W22 Offshore Electrical Substation – Part 2 Network Development


Further to week 21 and Part 1 of electrical substation planning, we will continue in our preparation of Electrical Substation programme development following the GPCC process / work flow commencing from step 3 (Identify / capture all activities). Week 21 blog and Part 1 has satisfied step 3 and the  identification of activities and scope definition using Omniclass table 21 as the basis.This weeks blog and Part 2 will detail methods and approaches to finalisation of Activity Sequencing and ensuring a high-quality network.

Part 3 will focus on the development and assignment of resources as well as the different methods for calculating activity durations

Part 4 will calculate the critical path and float based on target completion dates including validation checks

Part 5 will consider the development of a schedule risk analysis for the works

Part 6 will consider available options to respond to high potential for negative float within the programme

The development of the Logic Networks must consider thethe following and constraints and works sequences;

  1. Works can only commence upon approval of Design drawings
  2. Activity RC structure will be constructed using Precast Elements (Columns, beams, floors, roof) with topping screed for floor and roof areas.
  3. An external Precast manufacture will be appointed. After Appointment, it is expected that the columns and beams will be progressively delivered to site. First delivery is expected within 28 days after appointment however all precast must be complete before the commencement of erection activities for the Roof Structure inclusive of 1st floor columns.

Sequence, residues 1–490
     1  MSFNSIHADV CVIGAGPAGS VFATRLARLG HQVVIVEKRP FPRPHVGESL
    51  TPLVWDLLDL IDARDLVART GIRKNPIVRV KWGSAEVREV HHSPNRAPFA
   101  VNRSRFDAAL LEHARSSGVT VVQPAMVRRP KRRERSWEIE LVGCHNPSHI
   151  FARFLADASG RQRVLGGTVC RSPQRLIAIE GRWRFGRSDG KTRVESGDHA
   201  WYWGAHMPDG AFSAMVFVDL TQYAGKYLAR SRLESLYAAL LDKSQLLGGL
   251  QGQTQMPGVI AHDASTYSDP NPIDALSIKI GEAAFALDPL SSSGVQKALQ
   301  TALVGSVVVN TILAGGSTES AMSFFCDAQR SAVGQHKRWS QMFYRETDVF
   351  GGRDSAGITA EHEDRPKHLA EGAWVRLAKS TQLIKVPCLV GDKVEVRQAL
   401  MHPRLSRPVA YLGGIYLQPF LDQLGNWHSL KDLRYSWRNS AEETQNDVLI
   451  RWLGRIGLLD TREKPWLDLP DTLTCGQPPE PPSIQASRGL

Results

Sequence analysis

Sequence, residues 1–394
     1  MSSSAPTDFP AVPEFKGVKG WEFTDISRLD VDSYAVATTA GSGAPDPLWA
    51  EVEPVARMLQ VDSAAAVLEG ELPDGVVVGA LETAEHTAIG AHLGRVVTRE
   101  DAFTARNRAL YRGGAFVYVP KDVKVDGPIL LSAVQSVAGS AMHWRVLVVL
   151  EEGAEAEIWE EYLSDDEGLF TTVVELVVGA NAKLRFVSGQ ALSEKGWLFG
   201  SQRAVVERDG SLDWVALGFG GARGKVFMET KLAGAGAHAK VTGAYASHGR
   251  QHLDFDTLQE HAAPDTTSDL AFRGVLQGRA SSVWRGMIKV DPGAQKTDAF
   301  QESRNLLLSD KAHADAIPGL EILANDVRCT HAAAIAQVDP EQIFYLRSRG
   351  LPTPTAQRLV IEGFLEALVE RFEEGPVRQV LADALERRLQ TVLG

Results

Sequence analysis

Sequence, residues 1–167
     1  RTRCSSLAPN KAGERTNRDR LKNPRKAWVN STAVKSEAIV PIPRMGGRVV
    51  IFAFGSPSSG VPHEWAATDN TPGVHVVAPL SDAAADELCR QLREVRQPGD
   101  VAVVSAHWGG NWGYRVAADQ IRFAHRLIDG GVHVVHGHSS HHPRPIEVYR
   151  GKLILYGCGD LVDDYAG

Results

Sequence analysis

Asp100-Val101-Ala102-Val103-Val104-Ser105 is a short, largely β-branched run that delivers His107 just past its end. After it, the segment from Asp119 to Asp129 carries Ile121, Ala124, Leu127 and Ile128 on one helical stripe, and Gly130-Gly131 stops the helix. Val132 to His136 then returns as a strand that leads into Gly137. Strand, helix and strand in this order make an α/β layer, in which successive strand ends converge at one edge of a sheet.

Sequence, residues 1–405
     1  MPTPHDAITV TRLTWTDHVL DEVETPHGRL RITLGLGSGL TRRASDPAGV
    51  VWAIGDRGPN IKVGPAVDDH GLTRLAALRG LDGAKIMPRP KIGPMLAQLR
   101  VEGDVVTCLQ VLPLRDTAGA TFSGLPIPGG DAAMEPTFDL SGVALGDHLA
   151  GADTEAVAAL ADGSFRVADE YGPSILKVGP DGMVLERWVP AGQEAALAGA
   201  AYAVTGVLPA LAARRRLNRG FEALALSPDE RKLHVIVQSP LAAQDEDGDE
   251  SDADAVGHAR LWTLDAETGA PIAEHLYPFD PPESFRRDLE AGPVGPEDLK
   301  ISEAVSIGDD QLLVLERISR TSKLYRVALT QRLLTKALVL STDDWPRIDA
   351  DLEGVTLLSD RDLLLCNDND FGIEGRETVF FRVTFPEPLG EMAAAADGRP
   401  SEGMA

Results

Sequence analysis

4. Columns and Structure for roof can only commence after 1st floor slab has been completed to avoid risk of working overhead.
  5. Permitter Scaffold erection can commence when 50% of Ground floor columns and beams are installed
  6. Columns for Transformer bay can only be installed until after 75% of Roof precast has been installed to ensure access for crane is maintained.
  7. Ground floor Block work may commence immediately after erection of 1st floor columns and beams and erection of permitter scaffold
  8. Scaffold cannot be removed until all cement rendering and painting has been completed for all external walls
  9. Assume that internal walls and external wall will commence simultaneously
  10. Internal finishing works can only commence after service rough in has been completed
  11. Internal finishing work sequence shall follow Wall, ceiling then flooring.
  12. External Handrail, access ladders and fixtures to be installed upon removal of scaffold
  13. Target Dates are as follows
    • Building to be “watertight by the 15th April 2018
    • Overall Completion by the 1st June 2018


To develop the sequence and network logic we will consider the following methods

  1. PDM (Activity on Node)
  2. ADM (Activity on Arrow)

This blog will not select the preferred option – this will be undertaken in part 4


To ensure that above constraints are accurately reflected within the network logic, suitable activity relationships must be selected. Table 1 below is a summary of the logic used within the sequence and network development (PDM).

Using the relationships and logic outlined in table 1, the following PDM network has been created – split into 3 sheets.

When considering the same constraints within a ADM network however, we cannot use the same Logical relationships between the activities as ADM method requires that all relationships be based on Finish to Start.

This means that lags and leads indicated in the PDM network to reflect the partial completion of certain activities before another activity can commence cannot be modelled in the same way.